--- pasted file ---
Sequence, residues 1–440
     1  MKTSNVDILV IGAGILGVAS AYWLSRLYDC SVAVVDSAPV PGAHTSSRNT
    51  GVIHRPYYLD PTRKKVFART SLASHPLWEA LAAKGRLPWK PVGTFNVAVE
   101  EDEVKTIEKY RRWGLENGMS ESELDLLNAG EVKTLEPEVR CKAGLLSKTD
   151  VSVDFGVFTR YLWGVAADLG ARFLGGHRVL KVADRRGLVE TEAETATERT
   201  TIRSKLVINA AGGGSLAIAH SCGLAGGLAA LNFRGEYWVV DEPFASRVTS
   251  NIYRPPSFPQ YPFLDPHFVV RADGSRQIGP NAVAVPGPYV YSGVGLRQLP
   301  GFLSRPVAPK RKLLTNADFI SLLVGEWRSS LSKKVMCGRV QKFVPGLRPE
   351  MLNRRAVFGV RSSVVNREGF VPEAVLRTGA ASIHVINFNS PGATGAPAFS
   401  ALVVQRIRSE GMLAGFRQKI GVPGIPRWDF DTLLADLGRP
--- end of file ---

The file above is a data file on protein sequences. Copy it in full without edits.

Sequence, residues 1–440
     1  MKTSNVDILV IGAGILGVAS AYWLSRLYDC SVAVVDSAPV PGAHTSSRNT
    51  GVIHRPYYLD PTRKKVFART SLASHPLWEA LAAKGRLPWK PVGTFNVAVE
   101  EDEVKTIEKY RRWGLENGMS ESELDLLNAG EVKTLEPEVR CKAGLLSKTD
   151  VSVDFGVFTR YLWGVAADLG ARFLGGHRVL KVADRRGLVE TEAETATERT
   201  TIRSKLVINA AGGGSLAIAH SCGLAGGLAA LNFRGEYWVV DEPFASRVTS
   251  NIYRPPSFPQ YPFLDPHFVV RADGSRQIGP NAVAVPGPYV YSGVGLRQLP
   301  GFLSRPVAPK RKLLTNADFI SLLVGEWRSS LSKKVMCGRV QKFVPGLRPE
   351  MLNRRAVFGV RSSVVNREGF VPEAVLRTGA ASIHVINFNS PGATGAPAFS
   401  ALVVQRIRSE GMLAGFRQKI GVPGIPRWDF DTLLADLGRP